Up-shootings of igneous rock through fractures in water formations were common; but here was the first instance where water-formed rock had been so projected. It was a great and noble discovery, and its value to science was considered to be inestimable.

A critical examination of some of the lower strata demonstrated the presence of fossil ants and tumble-bugs (the latter accompanied by their peculiar goods), and with high gratification the fact was enrolled upon the scientific record; for this was proof that these vulgar laborers belonged to the first and lowest orders of created beings, though at the same time there was something repulsive in the reflection that the perfect and exquisite creature of the modern uppermost order owed its origin to such ignominious beings through the mysterious law of Development of Species.

The Tumble-Bug, overhearing this discussion, said he was willing that the parvenus of these new times should find what comfort they might in their wise-drawn theories, since as far as he was concerned he was content to be of the old first families and proud to point back to his place among the old original aristocracy of the land.

"Enjoy your mushroom dignity, stinking of the varnish of yesterday's veneering, since you like it," said he; "suffice it for the Tumble-Bugs that they come of a race that rolled their fragrant spheres down the solemn aisles of antiquity, and left their imperishable works embalmed in the Old Red Sandstone to proclaim it to the wasting centuries as they file along the highway of Time!"

"Oh, take a walk!" said the chief of the expedition, with derision.

The summer passed, and winter approached. In and about many of the caverns were what seemed to be inscriptions. Most of the scientists said they were inscriptions, a few said they were not. The chief philologist, Professor Woodlouse, maintained that they were writings, done in a character utterly unknown to scholars, and in a language equally unknown. He had early ordered his artists and draftsmen to make facsimiles of all that were discovered; and had set himself about finding the key to the hidden tongue. In this work he had followed the method which had always been used by decipherers previously. That is to say, he placed a number of copies of inscriptions before him and studied them both collectively and in detail. To begin with, he placed the following copies together:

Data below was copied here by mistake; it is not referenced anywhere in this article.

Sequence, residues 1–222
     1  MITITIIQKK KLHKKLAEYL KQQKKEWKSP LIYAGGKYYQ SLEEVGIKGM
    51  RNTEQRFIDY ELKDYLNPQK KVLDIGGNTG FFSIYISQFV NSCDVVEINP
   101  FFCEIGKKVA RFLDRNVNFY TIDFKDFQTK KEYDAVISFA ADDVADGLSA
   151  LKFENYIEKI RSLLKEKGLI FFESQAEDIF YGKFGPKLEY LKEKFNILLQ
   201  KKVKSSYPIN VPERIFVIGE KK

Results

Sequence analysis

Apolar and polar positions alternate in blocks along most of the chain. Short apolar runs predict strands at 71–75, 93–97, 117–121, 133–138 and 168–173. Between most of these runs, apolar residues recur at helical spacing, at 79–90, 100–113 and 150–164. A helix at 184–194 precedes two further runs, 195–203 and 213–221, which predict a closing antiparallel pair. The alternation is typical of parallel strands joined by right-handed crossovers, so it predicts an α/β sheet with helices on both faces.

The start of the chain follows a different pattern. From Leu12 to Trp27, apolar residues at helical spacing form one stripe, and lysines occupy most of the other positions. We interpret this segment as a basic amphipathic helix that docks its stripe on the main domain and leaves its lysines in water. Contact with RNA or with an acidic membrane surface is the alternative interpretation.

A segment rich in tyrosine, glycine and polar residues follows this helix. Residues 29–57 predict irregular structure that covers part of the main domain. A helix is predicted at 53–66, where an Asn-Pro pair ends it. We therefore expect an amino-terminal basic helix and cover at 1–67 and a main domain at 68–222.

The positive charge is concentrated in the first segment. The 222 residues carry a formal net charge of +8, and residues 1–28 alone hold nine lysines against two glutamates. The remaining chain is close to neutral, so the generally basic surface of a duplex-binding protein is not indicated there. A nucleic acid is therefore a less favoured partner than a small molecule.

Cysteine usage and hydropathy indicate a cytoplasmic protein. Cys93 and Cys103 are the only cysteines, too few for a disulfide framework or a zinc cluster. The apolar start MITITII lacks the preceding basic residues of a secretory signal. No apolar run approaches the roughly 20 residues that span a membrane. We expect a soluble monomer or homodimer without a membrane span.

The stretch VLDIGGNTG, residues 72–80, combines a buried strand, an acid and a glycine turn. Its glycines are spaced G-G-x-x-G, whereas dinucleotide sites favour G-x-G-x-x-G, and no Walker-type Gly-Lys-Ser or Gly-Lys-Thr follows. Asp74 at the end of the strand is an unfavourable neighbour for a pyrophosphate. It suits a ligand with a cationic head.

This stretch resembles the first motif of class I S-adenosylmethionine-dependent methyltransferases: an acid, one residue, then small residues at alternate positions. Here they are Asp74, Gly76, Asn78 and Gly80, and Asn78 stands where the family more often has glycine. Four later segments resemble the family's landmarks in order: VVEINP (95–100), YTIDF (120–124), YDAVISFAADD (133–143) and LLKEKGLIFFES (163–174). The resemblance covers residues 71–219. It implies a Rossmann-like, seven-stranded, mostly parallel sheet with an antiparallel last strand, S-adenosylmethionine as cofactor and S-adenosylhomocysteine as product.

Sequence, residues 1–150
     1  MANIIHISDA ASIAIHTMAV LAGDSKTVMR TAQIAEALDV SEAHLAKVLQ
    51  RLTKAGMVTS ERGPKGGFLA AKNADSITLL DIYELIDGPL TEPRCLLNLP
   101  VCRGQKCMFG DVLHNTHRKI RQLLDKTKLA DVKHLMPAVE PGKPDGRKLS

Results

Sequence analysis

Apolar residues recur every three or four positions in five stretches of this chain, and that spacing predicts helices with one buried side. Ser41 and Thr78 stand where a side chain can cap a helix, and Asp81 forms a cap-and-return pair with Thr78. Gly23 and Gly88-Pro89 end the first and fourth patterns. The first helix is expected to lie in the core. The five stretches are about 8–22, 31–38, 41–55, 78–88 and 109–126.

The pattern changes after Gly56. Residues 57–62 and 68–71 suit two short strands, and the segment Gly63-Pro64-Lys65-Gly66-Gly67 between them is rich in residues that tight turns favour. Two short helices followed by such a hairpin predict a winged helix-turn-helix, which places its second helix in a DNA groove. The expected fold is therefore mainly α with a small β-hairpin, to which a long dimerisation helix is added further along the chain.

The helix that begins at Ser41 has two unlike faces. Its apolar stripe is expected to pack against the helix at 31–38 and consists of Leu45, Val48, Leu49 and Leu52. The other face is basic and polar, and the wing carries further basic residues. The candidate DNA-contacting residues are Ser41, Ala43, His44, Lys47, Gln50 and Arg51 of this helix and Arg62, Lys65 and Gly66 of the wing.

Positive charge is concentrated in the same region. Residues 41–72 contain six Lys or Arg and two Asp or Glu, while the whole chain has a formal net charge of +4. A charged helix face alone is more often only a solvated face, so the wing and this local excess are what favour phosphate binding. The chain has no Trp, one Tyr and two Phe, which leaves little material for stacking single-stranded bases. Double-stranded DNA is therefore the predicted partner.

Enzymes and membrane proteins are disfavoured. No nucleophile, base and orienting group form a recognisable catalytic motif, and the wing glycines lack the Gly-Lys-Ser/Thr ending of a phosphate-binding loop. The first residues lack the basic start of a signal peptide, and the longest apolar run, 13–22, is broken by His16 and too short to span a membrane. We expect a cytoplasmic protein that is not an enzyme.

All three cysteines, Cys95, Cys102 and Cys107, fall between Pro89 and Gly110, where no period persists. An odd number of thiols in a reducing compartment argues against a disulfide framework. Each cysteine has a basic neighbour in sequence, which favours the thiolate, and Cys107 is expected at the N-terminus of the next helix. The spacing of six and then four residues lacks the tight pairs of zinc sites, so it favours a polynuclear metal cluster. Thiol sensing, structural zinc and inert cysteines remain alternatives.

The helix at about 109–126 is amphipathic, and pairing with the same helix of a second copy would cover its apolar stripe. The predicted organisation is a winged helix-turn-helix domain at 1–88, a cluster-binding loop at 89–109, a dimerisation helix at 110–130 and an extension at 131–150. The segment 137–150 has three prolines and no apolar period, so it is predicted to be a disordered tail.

THE AMERICAN HOTEL. MEALS AT ALL HOURS. THE SHADES. NO SMOKING. BOATS FOR HIRE CHEAP UNION PRAYER MEETING, 6 P.M. BILLIARDS. THE WATERSIDE JOURNAL. THE A1 BARBER SHOP. TELEGRAPH OFFICE. KEEP OFF THE GRASS. TRY BRANDRETH'S PILLS. COTTAGES FOR RENT DURING THE WATERING SEASON. FOR SALE CHEAP. FOR SALE CHEAP. FOR SALE CHEAP. FOR SALE CHEAP.

At first it seemed to the professor that this was a sign-language, and that each word was represented by a distinct sign; further examination convinced him that it was a written language, and that every letter of its alphabet was represented by a character of its own; and finally he decided that it was a language which conveyed itself partly by letters, and partly by signs or hieroglyphics. This conclusion was forced upon him by the discovery of several specimens of the following nature:

He observed that certain inscriptions were met with in greater frequency than others. Such as "FOR SALE CHEAP"; "BILLIARDS"; "S. T.--1860--X"; "KENO"; "ALE ON DRAUGHT." Naturally, then, these must be religious maxims. But this idea was cast aside by and by, as the mystery of the strange alphabet began to clear itself. In time, the professor was enabled to translate several of the inscriptions with considerable plausibility, though not to the perfect satisfaction of all the scholars. Still, he made constant and encouraging progress.

Finally a cavern was discovered with these inscriptions upon it:

WATERSIDE MUSEUM. Open at All Hours. Admission 50 cents. WONDERFUL COLLECTION OF WAX-WORKS, ANCIENT FOSSILS, ETC.

Sketches New and Old Page 56

Mark Twain

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Mark Twain
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